Jay Lake (jaylake) wrote,
Jay Lake

  • Location:
  • Mood:
  • Music:

[politics] Doing something I've never done: a short history

I came of voting age in 1982, midway through Reagan's first term. I'd listened eagerly to the Reagan-Carter debates on the radio in my high school dorm room two years earlier. Without his magnificent camera presence, the Gipper sounded like a rambling fool. He never answered the questions put to him, and kept coming back to the same cheap rhetorical points again and again. Carter stammered and strained and audibly sweated through a serious attempt to answer the questions. Reagan was naturally a runaway favorite with the television audience.1

So here came the Gipper, who presided over what was then the largest run of deficit spending in post-WWII history, yet was and is a hero to fiscal conservatives everywhere. Who spoke about morning in America, then commenced the wholesale dismantling of the American social safety net. Who rarely made very much sense, except when he was tightly on script, yet was hailed as a great orator. He fulfilled Truman's prediction2 in spades.

Walter Mondale ran in my first presidential election, in 1984 when I was 20. He was uninspiring, insipid, an old machine man from the classic days of party politics. His running mate was visibly mobbed up. I know the opposition party doesn't usually try very hard in a second-term election against a popular president, but the only reason I voted for Mondale was to vote against Reagan.

Come 1988, Dukakis ran against Bush (41). I never could figure out what Dukakis stood for, except being a generic Democrat. Maybe I wasn't paying attention. Once again, I was voting against the Reagan legacy. We got the first Bush term, with such stellar moments as the Weinberger pardon. Iran-Contra. Various acts of moronic venality. It was all the corruption and incompetence of the Reagan administration, with none of the charm!

In 1992, Clinton was a no-brainer. Not because I was for Bill, but in effect, I was still voting against the Reagan legacy. Bill was interesting, but he wasn't really a liberal. He was just a not-conservative. He came into office, the Scaife-backed batshit machine cranked up, and a generation of Republicans grew up hating Hillary for doing exactly what Nancy Reagan had done in the White House, except classier and far more competently. (Anybody remember Joan Quigley? At least Bill took his cues from a trained attorney with an understanding of public policy.)

1996, Bob Dole was the Republican Walter Mondale. Apparently it was "his turn." I mostly felt sorry for him. Bill I voted for just to keep pissing off the Right.

2000, well, the less said about that the better. Suffice to say the breathtaking hypocrisy of the GOP achieved stratospheric heights in the post-election fracas.3 And those of us who'd lived in Texas without drinking the Republican bathwater were perfectly clear on what the country was getting into. Unfortunately, my first moment of enthusiasm for Gore was his concession speech, which was more clear-eyed and inspirational than any damned thing he'd said on the campaign. I had been so bored by him that I'd voted for Nader.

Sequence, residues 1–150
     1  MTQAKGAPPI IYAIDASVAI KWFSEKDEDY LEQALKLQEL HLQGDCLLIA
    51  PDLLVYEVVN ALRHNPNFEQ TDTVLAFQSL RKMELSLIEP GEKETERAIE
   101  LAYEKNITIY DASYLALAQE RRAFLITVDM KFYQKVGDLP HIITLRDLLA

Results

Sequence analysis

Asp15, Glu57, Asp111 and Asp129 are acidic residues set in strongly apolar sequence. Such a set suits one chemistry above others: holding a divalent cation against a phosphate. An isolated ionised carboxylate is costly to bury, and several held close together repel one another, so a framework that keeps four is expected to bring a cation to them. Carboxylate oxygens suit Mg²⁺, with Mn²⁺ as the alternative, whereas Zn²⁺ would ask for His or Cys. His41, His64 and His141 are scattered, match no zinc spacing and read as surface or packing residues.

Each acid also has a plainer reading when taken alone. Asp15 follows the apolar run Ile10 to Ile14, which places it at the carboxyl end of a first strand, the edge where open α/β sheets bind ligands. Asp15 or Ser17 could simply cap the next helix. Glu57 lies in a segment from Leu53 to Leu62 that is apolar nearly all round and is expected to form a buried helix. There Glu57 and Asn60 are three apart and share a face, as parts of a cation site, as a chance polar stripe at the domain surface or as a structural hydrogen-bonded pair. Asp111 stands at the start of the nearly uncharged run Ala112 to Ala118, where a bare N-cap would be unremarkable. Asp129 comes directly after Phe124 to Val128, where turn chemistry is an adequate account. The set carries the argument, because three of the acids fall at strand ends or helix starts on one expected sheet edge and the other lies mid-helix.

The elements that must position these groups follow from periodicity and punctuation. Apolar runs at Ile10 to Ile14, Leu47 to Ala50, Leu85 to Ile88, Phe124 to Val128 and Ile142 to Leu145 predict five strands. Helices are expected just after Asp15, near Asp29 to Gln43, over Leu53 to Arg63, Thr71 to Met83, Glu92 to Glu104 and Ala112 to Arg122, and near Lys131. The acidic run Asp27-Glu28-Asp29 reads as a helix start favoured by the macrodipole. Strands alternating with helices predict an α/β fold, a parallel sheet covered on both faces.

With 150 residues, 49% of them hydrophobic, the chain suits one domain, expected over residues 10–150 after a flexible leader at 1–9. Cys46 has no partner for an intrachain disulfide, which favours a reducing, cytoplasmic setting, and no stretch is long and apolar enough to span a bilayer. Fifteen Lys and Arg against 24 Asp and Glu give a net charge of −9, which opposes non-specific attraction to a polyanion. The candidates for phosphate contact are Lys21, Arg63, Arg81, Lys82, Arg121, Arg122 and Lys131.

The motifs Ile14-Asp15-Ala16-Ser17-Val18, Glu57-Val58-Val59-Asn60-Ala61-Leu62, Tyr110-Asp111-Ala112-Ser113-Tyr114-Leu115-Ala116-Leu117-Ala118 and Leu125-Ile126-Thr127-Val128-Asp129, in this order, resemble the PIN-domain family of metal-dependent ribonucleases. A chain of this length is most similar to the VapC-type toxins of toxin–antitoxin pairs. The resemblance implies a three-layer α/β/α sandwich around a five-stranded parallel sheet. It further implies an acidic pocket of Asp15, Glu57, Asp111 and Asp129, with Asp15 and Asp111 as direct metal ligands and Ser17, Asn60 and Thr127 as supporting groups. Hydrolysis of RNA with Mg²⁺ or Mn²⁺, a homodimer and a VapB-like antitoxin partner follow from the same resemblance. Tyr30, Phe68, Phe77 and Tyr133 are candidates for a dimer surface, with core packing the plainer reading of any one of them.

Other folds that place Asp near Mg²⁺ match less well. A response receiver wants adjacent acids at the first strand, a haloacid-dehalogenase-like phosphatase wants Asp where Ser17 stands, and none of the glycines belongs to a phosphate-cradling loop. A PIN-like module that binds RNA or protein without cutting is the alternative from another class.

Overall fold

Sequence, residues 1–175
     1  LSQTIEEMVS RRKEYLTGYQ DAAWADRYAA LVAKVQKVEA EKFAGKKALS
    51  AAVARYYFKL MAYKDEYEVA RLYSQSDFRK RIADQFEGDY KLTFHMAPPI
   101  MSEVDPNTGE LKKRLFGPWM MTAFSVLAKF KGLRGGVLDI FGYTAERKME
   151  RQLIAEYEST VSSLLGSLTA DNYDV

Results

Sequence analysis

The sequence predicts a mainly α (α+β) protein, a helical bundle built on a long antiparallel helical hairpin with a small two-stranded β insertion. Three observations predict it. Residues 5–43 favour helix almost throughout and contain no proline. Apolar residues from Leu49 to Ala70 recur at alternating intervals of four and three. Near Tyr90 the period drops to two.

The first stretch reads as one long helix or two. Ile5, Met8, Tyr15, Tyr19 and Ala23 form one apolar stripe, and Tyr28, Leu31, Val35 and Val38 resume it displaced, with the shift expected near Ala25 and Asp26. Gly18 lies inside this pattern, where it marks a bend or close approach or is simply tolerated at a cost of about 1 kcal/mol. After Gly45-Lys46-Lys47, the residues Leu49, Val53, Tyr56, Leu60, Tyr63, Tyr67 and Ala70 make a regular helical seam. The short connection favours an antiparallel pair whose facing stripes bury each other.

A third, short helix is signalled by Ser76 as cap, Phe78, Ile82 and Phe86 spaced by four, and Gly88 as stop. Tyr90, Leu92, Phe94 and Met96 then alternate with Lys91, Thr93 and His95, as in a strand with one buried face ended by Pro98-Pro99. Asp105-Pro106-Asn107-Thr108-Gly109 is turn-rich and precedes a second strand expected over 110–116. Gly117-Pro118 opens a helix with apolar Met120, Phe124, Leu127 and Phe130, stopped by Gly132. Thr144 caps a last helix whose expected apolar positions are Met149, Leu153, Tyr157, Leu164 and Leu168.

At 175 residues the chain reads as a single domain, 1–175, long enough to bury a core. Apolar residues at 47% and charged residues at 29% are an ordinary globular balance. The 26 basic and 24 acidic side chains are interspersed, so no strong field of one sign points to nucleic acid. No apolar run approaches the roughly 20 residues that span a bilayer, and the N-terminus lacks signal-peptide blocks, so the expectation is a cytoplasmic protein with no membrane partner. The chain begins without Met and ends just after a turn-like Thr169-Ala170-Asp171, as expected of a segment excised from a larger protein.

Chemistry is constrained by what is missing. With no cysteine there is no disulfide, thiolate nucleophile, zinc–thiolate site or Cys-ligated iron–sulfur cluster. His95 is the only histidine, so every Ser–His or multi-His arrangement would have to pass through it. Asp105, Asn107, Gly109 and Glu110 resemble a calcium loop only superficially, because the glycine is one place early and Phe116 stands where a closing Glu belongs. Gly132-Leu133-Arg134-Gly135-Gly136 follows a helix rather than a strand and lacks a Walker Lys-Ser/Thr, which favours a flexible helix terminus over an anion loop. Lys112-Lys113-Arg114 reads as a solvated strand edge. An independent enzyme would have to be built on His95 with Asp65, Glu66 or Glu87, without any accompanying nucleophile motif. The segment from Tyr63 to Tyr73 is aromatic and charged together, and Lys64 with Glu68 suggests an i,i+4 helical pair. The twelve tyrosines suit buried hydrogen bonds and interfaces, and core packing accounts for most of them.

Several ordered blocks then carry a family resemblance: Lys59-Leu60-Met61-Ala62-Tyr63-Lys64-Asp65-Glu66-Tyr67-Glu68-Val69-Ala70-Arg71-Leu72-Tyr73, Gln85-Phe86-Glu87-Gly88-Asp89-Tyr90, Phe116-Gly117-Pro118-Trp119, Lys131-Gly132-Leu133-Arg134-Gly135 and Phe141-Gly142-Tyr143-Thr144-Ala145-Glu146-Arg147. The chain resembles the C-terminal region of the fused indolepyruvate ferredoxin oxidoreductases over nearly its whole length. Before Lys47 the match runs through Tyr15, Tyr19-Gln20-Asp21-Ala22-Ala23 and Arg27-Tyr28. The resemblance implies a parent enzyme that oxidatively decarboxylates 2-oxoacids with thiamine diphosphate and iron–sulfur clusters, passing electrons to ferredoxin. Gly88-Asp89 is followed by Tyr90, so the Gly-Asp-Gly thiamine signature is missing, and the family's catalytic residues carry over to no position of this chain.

2004, the handwriting was on the wall, on the Constitution, on habeas corpus. I finally realized the Gipper's old White House gang were a church picnic compared to the neo-cons in all their glory. I voted for Kerry because there was nothing else I could do, but damned if he wasn't Walter Mondale come again.

2008. Even a fair number of conservatives seem to have woken up to the disaster than their rule has visited upon America. The field in the Democratic party is constructively interesting to me. Initially I had a mild preference for Edwards. In retrospect, I probably would have liked Dodd if I'd known much about him. But Obama's campaign has caught on with me. His internationalism, his generally constructive approach, even his oratory. He seems to approach politics as a leader, not a brawler. After a generation of winner-take-all brawling in presidential politics, I cannot help but like this. And Hillary's recent slide into smash-mouth machine politics tipped it for me.

So today I gave money to the Obama campaign. This is the first time in my life I've been sufficiently attracted to a candidate to do anything of the sort. I've always voted against, and I'm excited about the possibility of voting for.

Here's my challenge to you. Go give some money to whoever you believe in. I hope it's Obama, but it can be Hillary or McCain or Romney or one of the other candidates. Go do something for your next national leader, not against.

I'm still surprised with myself, and very pleased.

1. This was long before I understood the beauty contest nature of presidential debates, or how incredibly brokered they are — remember the 1988 Bush campaign's uncompromising opposition to Dukakis having a taller riser to stand on?

2. "I can remember when a good politician had to be 75 percent ability and 25 percent actor, but I can well see the day when the reverse could be true."

3. Not to beat a dead horse, but for my perspective then, see:
Tags: personal, politics

  • Post a new comment


    Anonymous comments are disabled in this journal

    default userpic

    Your reply will be screened